Memoirs of Extraordinary Popular Delusions and the Madness of Crowds

by Charles MacKay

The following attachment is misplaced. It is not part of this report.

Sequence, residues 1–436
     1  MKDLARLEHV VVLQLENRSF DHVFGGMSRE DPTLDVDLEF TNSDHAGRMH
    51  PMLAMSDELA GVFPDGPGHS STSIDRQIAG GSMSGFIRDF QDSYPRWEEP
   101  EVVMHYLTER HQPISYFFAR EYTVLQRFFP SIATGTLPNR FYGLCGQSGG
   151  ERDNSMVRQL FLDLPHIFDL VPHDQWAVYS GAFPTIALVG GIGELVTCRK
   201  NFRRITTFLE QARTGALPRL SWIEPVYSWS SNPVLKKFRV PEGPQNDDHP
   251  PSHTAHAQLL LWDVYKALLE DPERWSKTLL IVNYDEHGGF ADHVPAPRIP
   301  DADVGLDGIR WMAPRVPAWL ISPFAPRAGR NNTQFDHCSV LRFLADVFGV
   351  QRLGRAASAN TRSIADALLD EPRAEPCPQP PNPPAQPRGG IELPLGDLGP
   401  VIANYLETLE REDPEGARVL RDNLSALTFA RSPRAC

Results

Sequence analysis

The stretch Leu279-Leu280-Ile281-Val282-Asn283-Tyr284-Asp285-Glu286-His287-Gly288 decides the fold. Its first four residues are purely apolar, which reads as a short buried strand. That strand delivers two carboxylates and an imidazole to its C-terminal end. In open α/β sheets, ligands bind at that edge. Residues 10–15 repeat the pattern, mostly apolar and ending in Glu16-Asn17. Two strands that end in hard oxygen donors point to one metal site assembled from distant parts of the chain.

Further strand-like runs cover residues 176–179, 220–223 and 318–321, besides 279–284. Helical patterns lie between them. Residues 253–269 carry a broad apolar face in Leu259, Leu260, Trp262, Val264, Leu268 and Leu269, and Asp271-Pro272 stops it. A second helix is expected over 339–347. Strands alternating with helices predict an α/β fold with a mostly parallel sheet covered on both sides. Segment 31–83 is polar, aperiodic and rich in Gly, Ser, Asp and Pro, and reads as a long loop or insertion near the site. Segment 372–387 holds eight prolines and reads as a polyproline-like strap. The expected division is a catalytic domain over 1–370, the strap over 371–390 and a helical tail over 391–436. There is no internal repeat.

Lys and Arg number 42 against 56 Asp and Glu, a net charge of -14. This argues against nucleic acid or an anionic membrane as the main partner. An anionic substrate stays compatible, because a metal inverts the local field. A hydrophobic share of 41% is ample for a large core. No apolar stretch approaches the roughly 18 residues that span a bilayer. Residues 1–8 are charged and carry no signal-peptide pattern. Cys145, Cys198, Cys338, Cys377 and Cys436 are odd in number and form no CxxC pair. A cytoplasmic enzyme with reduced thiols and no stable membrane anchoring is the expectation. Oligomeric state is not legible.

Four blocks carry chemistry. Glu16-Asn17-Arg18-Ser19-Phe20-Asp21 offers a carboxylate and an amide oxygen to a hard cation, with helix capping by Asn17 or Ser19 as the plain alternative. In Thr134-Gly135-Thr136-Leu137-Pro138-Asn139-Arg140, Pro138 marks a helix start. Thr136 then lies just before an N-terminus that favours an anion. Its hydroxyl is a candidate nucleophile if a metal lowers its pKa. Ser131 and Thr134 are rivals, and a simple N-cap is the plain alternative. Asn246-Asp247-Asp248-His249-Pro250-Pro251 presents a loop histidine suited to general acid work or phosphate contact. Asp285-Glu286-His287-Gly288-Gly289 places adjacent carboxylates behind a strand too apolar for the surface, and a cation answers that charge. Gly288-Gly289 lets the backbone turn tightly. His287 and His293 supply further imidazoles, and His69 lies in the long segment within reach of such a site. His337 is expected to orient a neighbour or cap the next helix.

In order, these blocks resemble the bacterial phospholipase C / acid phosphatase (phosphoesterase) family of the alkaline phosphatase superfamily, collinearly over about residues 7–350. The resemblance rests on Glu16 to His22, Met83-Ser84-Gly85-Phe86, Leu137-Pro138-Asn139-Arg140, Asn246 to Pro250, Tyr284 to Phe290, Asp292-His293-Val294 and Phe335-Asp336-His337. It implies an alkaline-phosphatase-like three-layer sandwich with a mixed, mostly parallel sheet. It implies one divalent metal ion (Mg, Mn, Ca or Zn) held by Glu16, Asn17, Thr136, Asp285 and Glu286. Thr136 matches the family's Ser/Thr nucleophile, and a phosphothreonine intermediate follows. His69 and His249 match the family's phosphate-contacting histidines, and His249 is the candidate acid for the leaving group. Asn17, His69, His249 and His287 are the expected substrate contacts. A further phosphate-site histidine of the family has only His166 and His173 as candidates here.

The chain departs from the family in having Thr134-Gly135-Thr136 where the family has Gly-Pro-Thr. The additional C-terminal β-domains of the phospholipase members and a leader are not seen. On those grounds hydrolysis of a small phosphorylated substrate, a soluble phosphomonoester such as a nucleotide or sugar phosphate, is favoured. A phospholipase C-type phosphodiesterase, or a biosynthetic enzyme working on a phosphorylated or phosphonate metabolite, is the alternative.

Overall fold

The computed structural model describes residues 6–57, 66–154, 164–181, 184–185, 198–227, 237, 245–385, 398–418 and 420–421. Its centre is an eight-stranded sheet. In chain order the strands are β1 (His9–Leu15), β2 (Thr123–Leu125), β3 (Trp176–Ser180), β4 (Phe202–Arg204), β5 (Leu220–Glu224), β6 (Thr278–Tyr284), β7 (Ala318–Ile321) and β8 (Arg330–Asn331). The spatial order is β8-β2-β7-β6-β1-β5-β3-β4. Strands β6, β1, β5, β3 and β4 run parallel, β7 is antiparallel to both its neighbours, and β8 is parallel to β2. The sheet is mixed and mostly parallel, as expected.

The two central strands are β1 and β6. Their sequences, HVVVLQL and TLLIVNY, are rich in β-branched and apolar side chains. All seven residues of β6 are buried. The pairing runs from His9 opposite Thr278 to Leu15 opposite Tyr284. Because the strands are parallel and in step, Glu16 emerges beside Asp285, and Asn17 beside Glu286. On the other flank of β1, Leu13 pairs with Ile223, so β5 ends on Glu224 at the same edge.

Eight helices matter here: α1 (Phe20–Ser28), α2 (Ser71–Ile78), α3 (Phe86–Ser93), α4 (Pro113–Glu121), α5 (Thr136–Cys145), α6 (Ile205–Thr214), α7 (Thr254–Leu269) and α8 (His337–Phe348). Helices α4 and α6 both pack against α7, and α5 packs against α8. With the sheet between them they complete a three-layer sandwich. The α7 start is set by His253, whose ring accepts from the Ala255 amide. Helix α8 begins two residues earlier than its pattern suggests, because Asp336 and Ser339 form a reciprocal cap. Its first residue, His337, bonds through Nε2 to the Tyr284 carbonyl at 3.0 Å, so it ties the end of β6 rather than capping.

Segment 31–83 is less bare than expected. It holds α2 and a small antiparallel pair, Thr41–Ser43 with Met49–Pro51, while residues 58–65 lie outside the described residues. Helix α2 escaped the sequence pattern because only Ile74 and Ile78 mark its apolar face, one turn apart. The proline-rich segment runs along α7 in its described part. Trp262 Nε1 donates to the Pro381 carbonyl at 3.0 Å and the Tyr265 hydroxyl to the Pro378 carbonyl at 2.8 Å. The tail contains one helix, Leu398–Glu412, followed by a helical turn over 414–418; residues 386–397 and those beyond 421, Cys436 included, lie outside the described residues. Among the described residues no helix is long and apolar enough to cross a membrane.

Popular delusions began so early, spread so widely, and have lasted so long, that instead of two or three volumes, fifty would scarcely suffice to detail their history. The present may be considered more of a miscellany of delusions than a history--a chapter only in the great and awful book of human folly which yet remains to be written, and which Porson once jestingly said he would write in five hundred volumes! Interspersed are sketches of some lighter matters,--amusing instances of the imitativeness and wrongheadedness of the people, rather than examples of folly and delusion.Religious matters have been purposely excluded as incompatible with the limits prescribed to the present work; a mere list of them would alone be sufficient to occupy a volume.

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